Add your review
Avg. Rating: 4
Another good book from the American Adventure series.
This is the third book in The American Adventure series. This series tells about the lives of children from many generations of a fictional family throughout American history, from the settling of Plymouth by the Pilgrims through the end of World War II.
It's 1634, and twelve-year-old Phillip Smythe isn't happy that his family has moved from Plymouth to Boston. He had to leave all his friends behind, and is worried about the greater threat of Indian attack. When he meets an Indian in the woods named White Wolf, Phillip wonders if he can really trust him. And the health of his sickly younger sister, Leah, seems to have worsened since the move. Meanwhile, Phillip is struggling with how he will tell his father, a carpenter, that he doesn't want to study his trade, but learn to be an apothecary instead. Phillips wonders if he will ever be able to make his father proud of him, while still making his own dreams come true. And will Leah survive her latest illness?
Although I enjoyed some of the other American Adventure books more, this was still a pretty good historical novel for young readers about a time period not written about too often. I would recommend it to those who have a special interest in this time period, or who want to read the complete series.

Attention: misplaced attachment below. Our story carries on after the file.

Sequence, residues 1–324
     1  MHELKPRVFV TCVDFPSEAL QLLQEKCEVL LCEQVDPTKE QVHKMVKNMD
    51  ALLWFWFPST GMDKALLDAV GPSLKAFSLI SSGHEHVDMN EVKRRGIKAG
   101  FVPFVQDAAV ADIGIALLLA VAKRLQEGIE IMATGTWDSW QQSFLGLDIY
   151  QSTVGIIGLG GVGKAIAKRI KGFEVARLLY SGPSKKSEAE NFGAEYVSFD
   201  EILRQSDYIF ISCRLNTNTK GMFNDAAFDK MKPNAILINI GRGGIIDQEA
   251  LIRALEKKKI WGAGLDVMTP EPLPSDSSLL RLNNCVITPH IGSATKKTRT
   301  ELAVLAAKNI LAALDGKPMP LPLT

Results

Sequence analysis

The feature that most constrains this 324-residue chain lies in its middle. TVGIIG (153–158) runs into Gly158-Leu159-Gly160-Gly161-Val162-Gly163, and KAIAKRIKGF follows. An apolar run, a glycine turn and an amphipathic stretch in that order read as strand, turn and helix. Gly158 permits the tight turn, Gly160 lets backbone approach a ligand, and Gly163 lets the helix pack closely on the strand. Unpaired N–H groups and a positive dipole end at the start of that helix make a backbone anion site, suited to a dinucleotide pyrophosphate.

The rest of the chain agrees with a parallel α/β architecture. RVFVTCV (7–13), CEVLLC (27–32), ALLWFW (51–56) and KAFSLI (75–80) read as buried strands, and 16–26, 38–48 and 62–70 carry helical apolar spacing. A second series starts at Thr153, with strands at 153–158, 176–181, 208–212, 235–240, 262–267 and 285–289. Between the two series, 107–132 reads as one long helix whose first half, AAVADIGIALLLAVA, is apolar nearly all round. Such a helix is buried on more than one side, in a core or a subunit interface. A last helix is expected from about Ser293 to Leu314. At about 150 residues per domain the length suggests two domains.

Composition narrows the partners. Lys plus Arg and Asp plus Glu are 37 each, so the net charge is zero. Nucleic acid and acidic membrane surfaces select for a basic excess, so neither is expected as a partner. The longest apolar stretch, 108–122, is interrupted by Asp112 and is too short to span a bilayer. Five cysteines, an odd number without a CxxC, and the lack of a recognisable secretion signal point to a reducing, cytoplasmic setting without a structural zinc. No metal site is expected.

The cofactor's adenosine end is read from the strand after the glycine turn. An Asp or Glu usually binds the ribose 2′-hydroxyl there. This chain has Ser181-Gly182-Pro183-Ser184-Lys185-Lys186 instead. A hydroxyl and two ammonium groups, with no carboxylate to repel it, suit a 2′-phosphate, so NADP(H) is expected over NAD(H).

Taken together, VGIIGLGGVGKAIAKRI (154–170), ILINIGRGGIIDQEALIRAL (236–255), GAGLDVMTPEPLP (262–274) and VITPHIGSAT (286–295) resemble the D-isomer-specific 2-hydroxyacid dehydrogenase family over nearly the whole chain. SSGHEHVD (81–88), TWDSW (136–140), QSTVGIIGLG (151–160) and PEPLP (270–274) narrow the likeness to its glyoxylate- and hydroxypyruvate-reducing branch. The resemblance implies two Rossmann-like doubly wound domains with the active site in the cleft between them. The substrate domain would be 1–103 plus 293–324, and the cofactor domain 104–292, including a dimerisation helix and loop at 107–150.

Good History Concepts and Character Development
A young friend introduced me to Dream Seekers. I was impressed with its treatment of historical themes, such as cultural assimulation and conflict. As a Christian educator/parent, I appreciated the presentation of both sides of the debate over separation of church and state, drawing no conclusions and allowing young readers to mentally and morally wrestle with such issues. The book is strong on examples of character development, without being preachy.
Review this book